should also start to respect these African fabrics, because in the fabrics you find the culture of a country. So, I think it is the approach and point of view that needs to change. Rachael Churchward: Absolutely, these artisans are good! GF: Yes, it is just a perception really… Yes. It’s not just the aesthetic. The world is full of beautiful things, beautiful clothes. There are all those high street stores producing a beautiful collection each week! Butitcan’tbejustthatanymore,justbeautiful clothes, we need something more, something different. RC: There is definitely a story in your clothing Stella. Your show yesterday was a complete styling story. I loved it. The way you mixed your textures and patterns, the girls wearing brogues with that, you were telling a story all the way through it. I loved that fabric, the one made with mud? Yes, the Bogolan…it’s incredible you can find out more about a country than you can if you go on Wikipedia if you just take time to understand their fabrics and the culture behind them. That print is a like a giraffe skin, each single line is made by hand… RC: By painting? No, not painting. They use a kind of sand, which is the white lines and then fill it in between with a layer of mud, just mud. GF: And it just soaks in? Yes. And with that outfit, the fabric was produced in Burkina Faso so it is African but the bag with that outfit was produced in Kenya, with Simone and the ITC Ethical Fashion Initiative. I think, though, it doesn’t help to try and look ethnic anymore. Some labels use this concept a lot. Ethnic - the idea that because it is African, you are helping people by buying this, even if you don’t really like it! No, you have to buy it because you like it. Fashion works like that, it can’t be a charity purchase. There is no point in buying fashion for your conscience. RC: I can think of many people back in New Zealand who would love your clothes and buy them because they are great, not because they represent Africa or anything. Grant, I am thinking of Jessica for a start. GF: Absolutely. And Thistle… Africa is a lot more advanced than people think, they are not kids - they are a centre of culture. Iamalwaysimpressedwithhowsophisticated they are, the people we work with and meet. People have the impression that everything happens in villages and yes the techniques come from century-old knowledge but it is not mud huts, there are big buildings and factories and cities. RC: I think for us as New Zealanders, this resonates with us too as there is a strong Polynesian culture there. We are Maori and Pacific Island, there is a strong Asian culture – it is very multi-cultural so there are fabrics which are part of the wider society, like Tapa cloth from the islands… What is it called? GF: Tapa, it is made from bark, a type of cloth and it is used traditionally in most of the islands: Samoa, Tonga, Fiji, Cook Islands, Niue… Tapa? RC: Yes, T-A-P-A… I am always looking for new things like this, I will have to research it! GF: There are many things I think you would find interesting in our Polynesian cultures; weaving, weaving is an art form used by almost all Polynesian cultures, there are many different types of dyes and techniques used,
different textiles…rc: I think there are a lot of New Zealanders who would love Stella Jean, your style is quite suited to us! GF: So how did your connection with Simone and ITC Ethical Fashion Initiative happen? Simonetta Gianfelici, I think you met her, yes? She is the talent scout for Altaroma (Rome Fashion Week). Twice I entered into ‘Who Is On Next’, which is the new designer contest and twice I was rejected (laughs) and the third time I got in and won! Afterward I developed a special relationship with Simonetta and she introduced me to Simone. Before we met she said, “You have to meet this man because he is just about what you do. I was always doing research about other cultures, which is why I am now interested in Tapa, and then I met Simone and it was love at first sight. It was incredible, he started talking about Burkina and then he showed me some fabrics from Burkina. If someone else had shown me those fabrics I would never have imagined that it was from Africa. From that moment on we started this journey and together we have been through Burkina Faso, Mali and the last one was to Haiti so I was able to come back to my own roots (because ITC Ethical Fashion Initiative have a hub there). Yesterday was just a little sample of the whole collection we will be showingatmilanfashionweekinseptember. In that collection you will see another point of view of Haiti, which is an island that many people know just for the earthquake or being a really poor island. But, it has its own artistic wave, a style of painting called Naïve. In the show yesterday you would have seen some of those paintings in the last dress. GF: Yes! That was a beautiful dress…and it absolutely reminded me of the Caribbean. We also made those bracelets there in Haiti, the metal ones and there were other Naïve elements, like the market and then also the Papier-mâché…you see people will talk about Haiti but never talk about this, like the Naïve paintings and yet it is all typical of Haiti. We think about everything in the design and styling, it is so linked to so many cultural aspects. GF: When you show in Milan in September is that the first time you have shown on schedule? No, it is the third time. The first time was with Armani, when Giorgio Armani invited me to show… RC: That’s a big honour, to have been invited by him. Of course, and being invited into his temple, the Teatro Armani! GF: Where do you retail Stella, is it worldwide? YES…RC: Except in New Zealand as far as I know. How about Australia? Yes, in Australia we definitely do , in fact we have had a lot of requests from Australian magazines for samples just in the last month, Vogue Australia, Elle Australia… GF: Great, hopefully we will see you in New Zealand soon! So the ITC Ethical Fashion Initiative is it more of a mentoring, guidance thing or are they more like a partner, a business partner? I hope…that they consider me as a business partner because it is not a…trend, for me. It is part of the DNA of the collection, together we are always looking for new surprises, new culture. We are on a constant search together. We can’t stop! It is really interesting working with Simone, you wonder what will be the next country for us to work with, you never know. Maybe New Zealand! (laughs) GF: Hell yeah! At this point the ITC Ethical Fashion Initiative’s Chloe Mukai joins the conversationandsummarisesthepartnership. Chloe Mukai: I think Stella Jean perfectly encapsulates what the ITC Ethical Fashion Initiative is trying to do. When we met her she was already doing this, she was doing this anyway. It was not like we approached another brand and said, “Do you want to produce a collection in Africa,” she was already designing with that level of aesthetic. In so many ways, she is the perfect match for us. Stella Jean: I think this is something that could happen in New Zealand. Why can’t you take a designer from New Zealand and mix them with a Russian designer or fabric, or Greece? I think the world will change in that direction, we are travelling so much and so easily now, races are melding together much more. I am Haitian-italian but in a few years there will be many, many more racial mixes, much more than mine…but it doesn’t have to be patchwork as I like to say. I don’t mix my own cultures; Italian, Haitian or even African as a patchwork, one over the other, they have to communicate in an equal way. Like my fabrics, I treat all of my fabrics in an equal way. That is the change… GF: Fantastic, the fashion world can do with this sort of change… RC: Thanks Stella, see you next time!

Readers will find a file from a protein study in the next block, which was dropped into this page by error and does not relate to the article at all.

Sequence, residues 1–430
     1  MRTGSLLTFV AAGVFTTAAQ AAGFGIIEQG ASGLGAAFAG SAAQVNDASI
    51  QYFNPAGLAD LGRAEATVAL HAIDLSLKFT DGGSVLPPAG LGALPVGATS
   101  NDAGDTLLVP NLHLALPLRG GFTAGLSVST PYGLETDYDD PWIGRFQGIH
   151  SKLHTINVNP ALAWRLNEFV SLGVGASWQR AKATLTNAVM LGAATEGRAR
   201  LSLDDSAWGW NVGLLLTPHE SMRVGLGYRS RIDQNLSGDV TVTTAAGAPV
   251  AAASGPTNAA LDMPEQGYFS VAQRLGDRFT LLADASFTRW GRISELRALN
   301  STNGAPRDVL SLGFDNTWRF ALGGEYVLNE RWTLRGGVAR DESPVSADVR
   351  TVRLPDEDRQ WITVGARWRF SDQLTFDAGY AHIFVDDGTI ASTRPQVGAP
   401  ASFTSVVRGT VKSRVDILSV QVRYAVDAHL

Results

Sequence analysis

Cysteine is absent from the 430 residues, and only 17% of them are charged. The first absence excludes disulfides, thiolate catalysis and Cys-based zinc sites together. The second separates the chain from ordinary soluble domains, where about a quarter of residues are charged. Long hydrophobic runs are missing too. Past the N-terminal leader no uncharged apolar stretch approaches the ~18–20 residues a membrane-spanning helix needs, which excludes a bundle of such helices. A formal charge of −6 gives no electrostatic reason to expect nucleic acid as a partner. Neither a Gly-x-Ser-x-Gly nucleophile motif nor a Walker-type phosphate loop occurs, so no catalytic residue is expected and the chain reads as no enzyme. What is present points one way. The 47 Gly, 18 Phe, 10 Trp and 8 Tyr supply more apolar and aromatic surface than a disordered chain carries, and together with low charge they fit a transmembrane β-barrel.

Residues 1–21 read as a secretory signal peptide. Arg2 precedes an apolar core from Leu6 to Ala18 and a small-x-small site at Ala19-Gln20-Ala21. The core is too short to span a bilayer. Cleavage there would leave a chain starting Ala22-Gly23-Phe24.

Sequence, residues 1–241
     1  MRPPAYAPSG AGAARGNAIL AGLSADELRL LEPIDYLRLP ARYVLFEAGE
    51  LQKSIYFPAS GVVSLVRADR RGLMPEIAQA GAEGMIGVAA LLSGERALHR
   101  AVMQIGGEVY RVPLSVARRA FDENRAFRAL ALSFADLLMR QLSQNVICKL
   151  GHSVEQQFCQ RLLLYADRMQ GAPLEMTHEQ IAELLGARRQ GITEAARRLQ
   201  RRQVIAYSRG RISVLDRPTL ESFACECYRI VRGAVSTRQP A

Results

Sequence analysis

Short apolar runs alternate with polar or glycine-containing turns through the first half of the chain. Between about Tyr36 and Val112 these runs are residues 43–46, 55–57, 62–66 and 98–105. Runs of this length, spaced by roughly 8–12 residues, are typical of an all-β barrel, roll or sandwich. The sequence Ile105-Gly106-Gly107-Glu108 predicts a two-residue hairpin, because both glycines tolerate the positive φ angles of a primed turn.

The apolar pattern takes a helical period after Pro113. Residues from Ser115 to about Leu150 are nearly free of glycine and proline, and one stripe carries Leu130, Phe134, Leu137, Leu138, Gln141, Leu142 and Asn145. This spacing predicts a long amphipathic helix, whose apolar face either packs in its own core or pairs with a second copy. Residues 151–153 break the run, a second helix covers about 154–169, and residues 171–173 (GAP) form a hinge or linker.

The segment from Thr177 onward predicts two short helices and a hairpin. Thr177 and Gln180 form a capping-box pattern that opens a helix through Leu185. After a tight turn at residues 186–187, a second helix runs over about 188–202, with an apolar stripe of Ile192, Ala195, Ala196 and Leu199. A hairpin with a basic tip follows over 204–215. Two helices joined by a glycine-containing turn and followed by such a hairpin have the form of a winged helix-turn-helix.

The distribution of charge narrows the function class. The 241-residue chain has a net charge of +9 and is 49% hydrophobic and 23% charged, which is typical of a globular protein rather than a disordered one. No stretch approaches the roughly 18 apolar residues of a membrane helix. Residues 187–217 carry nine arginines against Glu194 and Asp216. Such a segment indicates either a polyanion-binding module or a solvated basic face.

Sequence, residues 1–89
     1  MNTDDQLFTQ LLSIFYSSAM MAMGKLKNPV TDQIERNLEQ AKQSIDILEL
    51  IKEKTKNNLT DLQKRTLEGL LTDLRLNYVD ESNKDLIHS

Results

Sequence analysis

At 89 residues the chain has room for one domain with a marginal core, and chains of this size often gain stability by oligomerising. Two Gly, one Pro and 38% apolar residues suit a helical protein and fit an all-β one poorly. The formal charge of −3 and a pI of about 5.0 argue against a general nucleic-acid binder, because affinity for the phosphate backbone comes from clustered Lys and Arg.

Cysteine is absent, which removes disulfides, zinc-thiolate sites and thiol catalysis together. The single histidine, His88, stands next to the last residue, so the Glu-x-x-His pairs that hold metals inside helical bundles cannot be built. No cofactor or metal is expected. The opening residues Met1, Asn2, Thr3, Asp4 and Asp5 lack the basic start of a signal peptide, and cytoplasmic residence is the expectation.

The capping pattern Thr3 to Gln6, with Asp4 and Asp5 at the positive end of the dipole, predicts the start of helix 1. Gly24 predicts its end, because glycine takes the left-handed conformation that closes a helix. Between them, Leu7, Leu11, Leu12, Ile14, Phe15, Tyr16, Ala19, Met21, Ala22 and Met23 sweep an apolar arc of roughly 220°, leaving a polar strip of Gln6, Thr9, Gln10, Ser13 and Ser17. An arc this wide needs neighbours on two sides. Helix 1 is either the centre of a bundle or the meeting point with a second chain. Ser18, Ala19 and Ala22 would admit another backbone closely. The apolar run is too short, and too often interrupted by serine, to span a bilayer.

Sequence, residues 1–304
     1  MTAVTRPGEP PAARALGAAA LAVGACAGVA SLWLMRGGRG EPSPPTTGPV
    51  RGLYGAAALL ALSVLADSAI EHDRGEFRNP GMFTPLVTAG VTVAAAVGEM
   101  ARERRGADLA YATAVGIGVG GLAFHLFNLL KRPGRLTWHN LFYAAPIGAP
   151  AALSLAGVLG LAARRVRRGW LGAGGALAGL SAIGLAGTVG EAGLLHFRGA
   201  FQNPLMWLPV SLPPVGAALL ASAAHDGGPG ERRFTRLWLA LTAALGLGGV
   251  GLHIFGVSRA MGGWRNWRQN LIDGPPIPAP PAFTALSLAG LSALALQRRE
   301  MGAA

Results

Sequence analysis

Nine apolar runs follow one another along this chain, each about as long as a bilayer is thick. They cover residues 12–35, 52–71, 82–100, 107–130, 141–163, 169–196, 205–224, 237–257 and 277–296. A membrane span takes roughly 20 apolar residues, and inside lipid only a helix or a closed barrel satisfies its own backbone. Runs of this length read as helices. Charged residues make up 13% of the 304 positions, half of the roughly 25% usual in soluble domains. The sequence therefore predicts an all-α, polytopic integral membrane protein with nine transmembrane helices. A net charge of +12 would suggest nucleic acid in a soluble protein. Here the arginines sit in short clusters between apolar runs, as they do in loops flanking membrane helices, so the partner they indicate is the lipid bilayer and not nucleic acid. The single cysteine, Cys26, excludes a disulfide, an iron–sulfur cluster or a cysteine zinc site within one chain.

Stella Jean Australian stockists: Brisbane - Carmargue Melbourne - Christine Barro
Opposite: Stella in Haiti This page: Clockwise from top left: Stella’s Bogolan print for SS15 (photo: Luca Sorrentino), Stella Jean SS14 look book, working in Burkina Faso, warping of yarn for SS14 fabric, Stella & Simonetta Gianfeleci working in Burkina Faso
This page: Stella Jean SS15 and SS14 (both photos: Luca Sorrentino) Opposite page: Left-right: duaba serwa, Mina Evans and Lisa Folawiyo aal photos: Luca Sorrentino